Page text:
one thing i haven't really gone into detail on here, has been jonathan's amniocentesis results. of course, the amnio confirmed full trisomy 13. trisomy 13 just in and of itself would have been by chance (up to 1 in 25,000.) but the genetic counselor told us that the trisomy 13 that jonathan has was by way of something called translocation, which means his extra 13th chromosomes were actually attached to the 14th chromosomes. this attachment between the 13th and 14th chromosomes is the most common translocation found and it's called Robertsonian Translocation. i have included pictures of chromosomes that show normal, trisomy 13, and trisomy 13 with the translocation for your understanding, below:
normal male chromosomes (above)
Male with Trisomy 13, Robertsonian Translocation (above, look at the #14) this is what Jonathan has.
the fact that jonathan has a translocation at all concerned us greatly, because it usually means that either greg or i would be a carrier of the robertsonian translocation. if so, it would mean that our chances of having another trisomy 13 baby were much higher. i can't explain this well, so here is part of an article that describes it very clearly:
"Individuals with Robertsonian translocations can have these as the result of a spontaneous event occurring during the meiosis (in either parent) that produced the egg or sperm from which they were made, shortly after conception, or from the inheritance of the same from one of their parents. Robertsonian translocations are present in approximately 1/1,000 newborns. Individuals with balanced translocations are usually healthy and often unaware of their condition, especially if there is no prior family history that has led to the diagnosis, and often their chromosomal ‘abnormality’ will not be discovered until they have difficulty having children. The problem arises when individuals with Robertsonian translocations try to make gametes [sperm/eggs.] In the case of someone who has a balanced 13;14 translocation, the possible gametes she will produce may contain:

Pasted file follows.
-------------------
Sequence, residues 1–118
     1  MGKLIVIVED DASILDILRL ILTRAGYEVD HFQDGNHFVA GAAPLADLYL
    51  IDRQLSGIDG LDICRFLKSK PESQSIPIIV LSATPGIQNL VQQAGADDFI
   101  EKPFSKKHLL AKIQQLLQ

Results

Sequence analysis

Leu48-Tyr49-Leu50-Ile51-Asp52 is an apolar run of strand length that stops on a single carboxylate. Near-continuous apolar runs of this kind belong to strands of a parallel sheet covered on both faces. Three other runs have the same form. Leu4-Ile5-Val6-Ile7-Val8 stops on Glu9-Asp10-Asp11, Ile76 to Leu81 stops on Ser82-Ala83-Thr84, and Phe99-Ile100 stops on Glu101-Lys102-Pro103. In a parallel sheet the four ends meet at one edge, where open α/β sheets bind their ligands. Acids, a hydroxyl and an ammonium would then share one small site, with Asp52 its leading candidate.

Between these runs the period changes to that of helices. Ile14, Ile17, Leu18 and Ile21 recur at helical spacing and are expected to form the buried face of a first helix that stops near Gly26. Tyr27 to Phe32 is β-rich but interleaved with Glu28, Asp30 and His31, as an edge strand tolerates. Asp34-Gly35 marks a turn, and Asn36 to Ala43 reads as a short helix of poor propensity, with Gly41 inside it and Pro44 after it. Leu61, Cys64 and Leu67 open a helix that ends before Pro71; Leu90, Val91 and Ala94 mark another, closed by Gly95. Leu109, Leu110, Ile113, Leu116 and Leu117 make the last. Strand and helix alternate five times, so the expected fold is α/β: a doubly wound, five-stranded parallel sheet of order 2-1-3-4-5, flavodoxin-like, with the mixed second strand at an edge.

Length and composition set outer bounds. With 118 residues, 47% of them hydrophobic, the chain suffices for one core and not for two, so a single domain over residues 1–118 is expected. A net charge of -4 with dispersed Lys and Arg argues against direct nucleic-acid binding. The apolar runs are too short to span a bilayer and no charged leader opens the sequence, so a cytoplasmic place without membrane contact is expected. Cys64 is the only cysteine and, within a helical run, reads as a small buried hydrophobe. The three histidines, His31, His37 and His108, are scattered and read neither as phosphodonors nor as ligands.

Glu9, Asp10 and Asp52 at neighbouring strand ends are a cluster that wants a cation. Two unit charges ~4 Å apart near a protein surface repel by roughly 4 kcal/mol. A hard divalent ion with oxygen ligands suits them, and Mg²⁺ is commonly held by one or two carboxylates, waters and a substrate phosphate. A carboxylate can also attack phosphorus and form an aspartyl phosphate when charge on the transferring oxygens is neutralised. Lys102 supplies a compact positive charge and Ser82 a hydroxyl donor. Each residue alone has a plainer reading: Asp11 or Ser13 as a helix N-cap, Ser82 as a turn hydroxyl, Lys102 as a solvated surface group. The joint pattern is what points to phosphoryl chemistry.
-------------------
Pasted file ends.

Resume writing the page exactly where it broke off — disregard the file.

1) One free copy of chromosome (chr) 13 and one free copy of chr 14.
2) The translocation (chr 13;14) chromosome alone (which contains one copy of chr 13 fused with one copy of chr 14).
3) Chr 13;14 + one free copy of chr 13 (essentially, a gamete with TWO copies of chr 13 rather than just one).
4) One free copy of chr 13 (and NO copy of chr 14).
5) Chr 13;14 + one free copy of chr 14 (TWO copies of chr 14 rather than just one).
6) One free copy of chr 14 (and NO copy of chr 13).
Obviously, 3 through 6 are gametes that have the incorrect number of chromosomes (either too little or too much genetic material). When these gametes get together with the, presumably, ‘normal’ gametes from her partner (which contain one free copy of chromosome 13 and 14), the following possibilities result (in the same order as above):
1) Two free copies of chr 13 + two free copies of chr 14 = NORMAL